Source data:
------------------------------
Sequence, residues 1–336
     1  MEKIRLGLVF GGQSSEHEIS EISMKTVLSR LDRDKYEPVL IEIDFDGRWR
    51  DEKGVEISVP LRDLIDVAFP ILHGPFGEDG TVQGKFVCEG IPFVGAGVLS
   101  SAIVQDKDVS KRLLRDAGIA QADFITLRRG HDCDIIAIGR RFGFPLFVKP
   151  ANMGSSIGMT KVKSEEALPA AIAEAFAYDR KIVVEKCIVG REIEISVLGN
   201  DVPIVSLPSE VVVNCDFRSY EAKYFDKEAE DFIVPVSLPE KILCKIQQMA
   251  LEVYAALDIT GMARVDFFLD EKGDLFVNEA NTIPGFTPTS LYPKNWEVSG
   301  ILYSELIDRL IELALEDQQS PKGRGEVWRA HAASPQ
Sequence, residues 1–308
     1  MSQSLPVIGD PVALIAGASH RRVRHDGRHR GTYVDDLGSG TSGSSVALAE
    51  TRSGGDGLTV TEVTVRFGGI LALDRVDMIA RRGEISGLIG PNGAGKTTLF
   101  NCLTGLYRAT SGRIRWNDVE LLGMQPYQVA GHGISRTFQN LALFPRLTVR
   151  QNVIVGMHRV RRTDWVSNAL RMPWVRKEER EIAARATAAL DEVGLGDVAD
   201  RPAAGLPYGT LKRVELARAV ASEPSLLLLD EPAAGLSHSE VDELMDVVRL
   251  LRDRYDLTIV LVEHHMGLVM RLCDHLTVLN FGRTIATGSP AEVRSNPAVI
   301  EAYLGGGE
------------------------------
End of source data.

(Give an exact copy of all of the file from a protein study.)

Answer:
Sequence, residues 1–336
     1  MEKIRLGLVF GGQSSEHEIS EISMKTVLSR LDRDKYEPVL IEIDFDGRWR
    51  DEKGVEISVP LRDLIDVAFP ILHGPFGEDG TVQGKFVCEG IPFVGAGVLS
   101  SAIVQDKDVS KRLLRDAGIA QADFITLRRG HDCDIIAIGR RFGFPLFVKP
   151  ANMGSSIGMT KVKSEEALPA AIAEAFAYDR KIVVEKCIVG REIEISVLGN
   201  DVPIVSLPSE VVVNCDFRSY EAKYFDKEAE DFIVPVSLPE KILCKIQQMA
   251  LEVYAALDIT GMARVDFFLD EKGDLFVNEA NTIPGFTPTS LYPKNWEVSG
   301  ILYSELIDRL IELALEDQQS PKGRGEVWRA HAASPQ
Sequence, residues 1–308
     1  MSQSLPVIGD PVALIAGASH RRVRHDGRHR GTYVDDLGSG TSGSSVALAE
    51  TRSGGDGLTV TEVTVRFGGI LALDRVDMIA RRGEISGLIG PNGAGKTTLF
   101  NCLTGLYRAT SGRIRWNDVE LLGMQPYQVA GHGISRTFQN LALFPRLTVR
   151  QNVIVGMHRV RRTDWVSNAL RMPWVRKEER EIAARATAAL DEVGLGDVAD
   201  RPAAGLPYGT LKRVELARAV ASEPSLLLLD EPAAGLSHSE VDELMDVVRL
   251  LRDRYDLTIV LVEHHMGLVM RLCDHLTVLN FGRTIATGSP AEVRSNPAVI
   301  EAYLGGGE